Middlesbrough head coach Aitor Karanka has set his sights on emulating Bournemouth and Watford following his side’s return to the Premier League.
Boro sealed their return to the top flight after a seven-year absence on goal difference after Saturday’s draw with promotion rivals Brighton.
Now, like the Cherries and the Hornets, Karanka wants to keep them there.
“It’s my following aim. I said when I arrived, Middlesbrough are a Premier League team,” said Karanka.
“Now we’re going to work harder to stay in there like good examples such as Watford or Bournemouth.”
There have been some gloomy times on Teesside since Boro last played in the top tier.
But under Karanka the old buzz, that saw the club win the League Cup in 2004 and reach the Uefa Cup final two years later, has filtered back.
Major job losses at the local steel plant in Redcar and the death of a favourite in BBC Tees commentator Ali Brownlee – whose name was chanted throughout and at the end of the game – hit the town hard but the football club has provided a relief.
The plight of the workers and Brownlee’s loss also had an impact on Karanka and his players.
“I know what a difficult moment they [the steelworkers] are living and this moment is really nice for them, and the other was our friend Ali,” he said.
“He was supporting us, he’s been supporting us since his last day and he supported me since I arrived here.
“For me it means more to the fans. The people of this area deserve to enjoy it, for them to have a team and a club where everyone is so proud.”
The supportive chairman
Steve Gibson, long-time chairman and fan of the Teesside club, played a key role in bringing Karanka to the Riverside and in turn in keeping him there.
His financing of the Boro squad has been a pivotal factor in their success, trusting big money to the Spaniard to sign players including forwards Jordan Rhodes, David Nugent and Cristhian Stuani, as well as Gaston Ramirez on loan from Southampton.
It was also Gibson who persuaded Karanka back to the club after a reported fall out earlier in the season, prompting genuine gratitude from the Boro head coach.
“I say thanks to the chairman for giving the opportunity to come here when I didn’t have experience,” Karanka added.
“I am looking forward to giving him a really big hug like he deserves.”
The leader: Grant Leadbitter
One of the pivots for Middlesbrough during their promotion campaign has been captain Grant Leadbitter, a County Durham lad who along with Adam Clayton has been the anchor to a steely midfield and watertight defence.
The skipper got his hands on silverware as Boro celebrated before the Riverside faithful, and later revealed he had been playing with injections before a hernia operation which will take place next week.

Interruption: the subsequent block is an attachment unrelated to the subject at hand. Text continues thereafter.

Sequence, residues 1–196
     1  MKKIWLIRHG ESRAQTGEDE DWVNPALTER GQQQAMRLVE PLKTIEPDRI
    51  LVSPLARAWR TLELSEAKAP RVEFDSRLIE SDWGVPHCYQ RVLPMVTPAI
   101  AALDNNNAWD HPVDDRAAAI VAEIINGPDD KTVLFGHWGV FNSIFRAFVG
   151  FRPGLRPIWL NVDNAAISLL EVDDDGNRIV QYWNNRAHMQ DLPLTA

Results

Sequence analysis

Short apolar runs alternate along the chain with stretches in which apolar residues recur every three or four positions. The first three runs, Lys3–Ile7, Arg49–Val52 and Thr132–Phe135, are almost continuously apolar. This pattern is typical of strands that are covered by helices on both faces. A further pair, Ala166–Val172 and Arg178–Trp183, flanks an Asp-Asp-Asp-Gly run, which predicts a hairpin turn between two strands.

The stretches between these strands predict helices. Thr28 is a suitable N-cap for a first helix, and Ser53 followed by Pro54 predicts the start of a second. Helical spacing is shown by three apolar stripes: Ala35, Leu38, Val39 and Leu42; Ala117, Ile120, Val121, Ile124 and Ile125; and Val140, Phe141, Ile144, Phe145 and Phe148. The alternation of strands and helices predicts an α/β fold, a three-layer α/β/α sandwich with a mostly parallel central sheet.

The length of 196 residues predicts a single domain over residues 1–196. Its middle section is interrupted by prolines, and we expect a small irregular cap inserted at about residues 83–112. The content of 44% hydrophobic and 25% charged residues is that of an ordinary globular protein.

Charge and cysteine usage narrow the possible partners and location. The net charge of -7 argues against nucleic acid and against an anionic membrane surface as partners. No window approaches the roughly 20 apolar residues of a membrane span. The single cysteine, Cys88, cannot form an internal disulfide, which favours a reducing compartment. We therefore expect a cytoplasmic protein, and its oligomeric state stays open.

“Grant is the character of this team,” Karanka said. “He’s the captain and nobody knows how much he has suffered to play the last three or four weeks with a lot of pain.
“He has character, players like him and follow him. That is why we’re in the Premier League.”
‘I need time to rest’
Promotion is the culmination of two and a half successful years at the Riverside for the Spaniard, who picked up the reins from club legend Tony Mowbray and created his own place in Boro folklore.
“I couldn’t sleep the last however many days, so today is a good day to enjoy and say how proud I am being here with these players and this crowd,” said Karanka.
“Tomorrow we are going to disappear [as a family]! I don’t know where, I need a lot of time to rest because the last two and a half years have been tough with changing everything.
“We have two months until pre-season so first I’m going to enjoy this with my family like they deserve.”
Not over yet for Brighton
Brighton were unable to pick up the win they needed in front of 2,570 travelling fans at the Riverside, despite Dale Stephens’ header cancelling out Stuani’s opener.
However, the midfielder’s dismissal for a foul on Gaston Ramirez shortly after left the Seagulls down to 10 men and unable to press Boro as they might have wished, leaving them to battle it out in the Championship play-offs.
“I’m very proud of a group of players that were able to put the performance in here,” manager Chris Hughton said.
“We absolutely know we don’t have time to be too down about it.
“It’s a distraught changing room and you want them to feel that way because you know what it means to them.”
Sheffield Wednesday provide the opposition in the play-off semi-finals, with the home leg at the Amex Stadium a week on Monday following Friday’s trip to Hillsborough.
“We’ve got to make sure we take a respectable scoreline back to the Amex because Sheffield Wednesday are a very good team,” Hughton added. “They’ve got good momentum at the moment and get big crowds.
“It’s a formidable place to go so we need to take a good result back. Whichever way we’ll have a wonderful atmosphere at the Amex and that will help.”